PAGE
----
Bermuda – Bella Donna


For a small island nation (population 64,237 according to a 2010 census), there are a number of objects that have been attributed to Bermuda. Let’s take a look at some of these items:

Bermuda Shorts

These coverings were introduced to the world by the British Army and were worn by soldiers in tropical and desert settings. In fact, the British Navy still wear them. Today, Bermuda Shorts are worn in their country of creation as business attire by men, when combined with knee high socks, dress shirt, tie and blazer. Sounds a little goofy to me, but whateves. Bermudans probably think what I wear to work is just as ridiculous.

meanwhile in bermuda

Bermuda Kite

Let’s go fly a kite, up to the highest height… I hope that song is now stuck in the heads of all you little sippers! The Bermuda Kite may vary in shape, but is typically hexagonal. The kites are mostly only flown at Easter in Bermuda and have taken on more of an art form role in the country. They are meant to symbolize Jesus Christ’s resurrection. Bermuda Kites have been used for world record attempts in the highest and longest flight categories.

Bermuda Grass

Other names for Bermuda Grass (or Cynodon Dactylon – it’s scientific title) include dog’s tooth grass, devil’s grass, and couch grass. The green stuff originates from the Middle East, but is found in abundance in Bermuda. While the grass is able to grow in salt-damaged soil, apparently, a version of this deadly weed-like lawn can produce cyanide in certain environments, accidentally killing livestock.

Bermuda Onion

A member of the Sweet Onion family, the Bermuda Onion was introduced to the country in 1616 and grew to be one of Bermuda’s greatest exports. As a result, Bermuda’s citizens were once known as ‘Onions,’ while Bermuda itself was known as ‘The Onion Patch.’ This industry saw a sharp decline after World War I, when similar onions began being farmed in other countries, namely the United States. Mark Twain once described the crop as “The pride and joy of Bermuda.”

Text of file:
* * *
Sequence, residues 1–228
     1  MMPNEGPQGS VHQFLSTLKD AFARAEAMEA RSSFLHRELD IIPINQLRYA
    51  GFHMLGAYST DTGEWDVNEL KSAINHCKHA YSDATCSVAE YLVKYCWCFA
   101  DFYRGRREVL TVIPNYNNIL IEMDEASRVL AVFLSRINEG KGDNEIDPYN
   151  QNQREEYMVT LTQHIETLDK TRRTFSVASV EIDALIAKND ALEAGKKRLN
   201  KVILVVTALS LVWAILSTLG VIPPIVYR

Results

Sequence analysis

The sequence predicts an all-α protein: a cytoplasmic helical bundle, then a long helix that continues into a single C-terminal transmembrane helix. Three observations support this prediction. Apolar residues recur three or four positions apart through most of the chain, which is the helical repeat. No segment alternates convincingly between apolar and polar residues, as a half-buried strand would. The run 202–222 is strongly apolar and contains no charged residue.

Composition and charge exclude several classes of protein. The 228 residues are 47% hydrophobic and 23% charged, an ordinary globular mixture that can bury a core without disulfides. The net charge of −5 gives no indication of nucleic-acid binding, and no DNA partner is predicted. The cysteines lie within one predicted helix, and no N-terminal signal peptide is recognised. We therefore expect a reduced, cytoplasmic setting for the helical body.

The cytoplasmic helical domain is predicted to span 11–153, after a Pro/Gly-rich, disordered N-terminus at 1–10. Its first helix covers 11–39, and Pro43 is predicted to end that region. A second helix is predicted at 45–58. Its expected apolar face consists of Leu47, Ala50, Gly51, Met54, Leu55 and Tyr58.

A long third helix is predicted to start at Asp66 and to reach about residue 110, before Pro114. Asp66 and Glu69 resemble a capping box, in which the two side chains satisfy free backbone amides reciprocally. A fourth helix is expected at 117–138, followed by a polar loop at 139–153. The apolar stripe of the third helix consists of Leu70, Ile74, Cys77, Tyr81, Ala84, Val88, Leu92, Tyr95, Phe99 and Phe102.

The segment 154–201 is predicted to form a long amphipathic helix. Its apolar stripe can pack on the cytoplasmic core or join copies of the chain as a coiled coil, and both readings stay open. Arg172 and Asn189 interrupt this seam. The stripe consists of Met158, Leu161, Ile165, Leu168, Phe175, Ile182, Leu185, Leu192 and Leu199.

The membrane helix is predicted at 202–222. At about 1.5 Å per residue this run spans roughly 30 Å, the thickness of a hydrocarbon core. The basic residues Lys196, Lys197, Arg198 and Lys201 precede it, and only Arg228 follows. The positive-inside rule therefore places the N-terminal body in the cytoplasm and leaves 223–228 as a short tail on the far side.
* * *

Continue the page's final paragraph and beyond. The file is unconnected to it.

Nautical Terms

Being an island, Bermuda has long had an association with watercrafts. Therefore, a number of seafaring objects and techniques have been given the Bermuda prefix. These include the Bermuda Fitted Dinghy, Bermuda Rig, and Bermuda Sloop. The Fitted Dinghy is a sail boat meant for racing using a design that dates back to the 17th century. The Rig and Sloop are different styles of rigging meant for sail boats, both developed around the same time as the Fitted Dinghy.


Among fauna unique to the country are the Bermuda Land Snail, the Bermuda Petrel, and the Bermuda Rock Skink. The Land Snail is thought to have existed for over 300,000 years. They were thought to be extinct at one point, thanks in some part to the introduction of edible snails, but a collection of them were found by a zoo intern in 2002 and efforts to repopulate the animal have since occurred.


The Petrel is commonly called a cahow and is a nocturnal seabird. Early Spanish settlers avoided the island fearing that it was inhabited by devils, but it was actually the cries of the Petrel. When the English arrived on the island, the introduction of animals such as rats, cats, and dogs, resulted in the death of numerous birds, nearly wiping out the species. Today, the Petrel has recovered, thanks to being protected by law.

The Rock Skink, known as a rock lizard, these little guys only grow to about 8cm long, feeding on crickets, beetles, and small crustaceans. The Rock Skink is also protected under the law due to being endangered. I can’t have a ton of respect for the lizard, though, as they apparently can get stuck inside discarded bottles and cans and are unable to climb out… kind of like an alcoholic!

Bermuda: Bella Donna

Bella Donna Cocktail

It should be noted that there is also the Bermuda Triangle, which we looked at earlier this week. Although only one of the tips of the Devil’s Triangle touches Bermuda, the entire death trap has been given the Bermudan namesake. Perhaps Bermuda was the last to pass the blame on and got stuck with the moniker.

Sip Advisor Bar Notes (3 Sips out of 5):
Nothing against this drink, but I wasn’t a fan of how the Amaretto and Sour Mix came together. It didn’t taste bad, but it had its own unique flavour that took some getting used to. The cocktail was kind of booze heavy, but in the end I would give it my recommendation.

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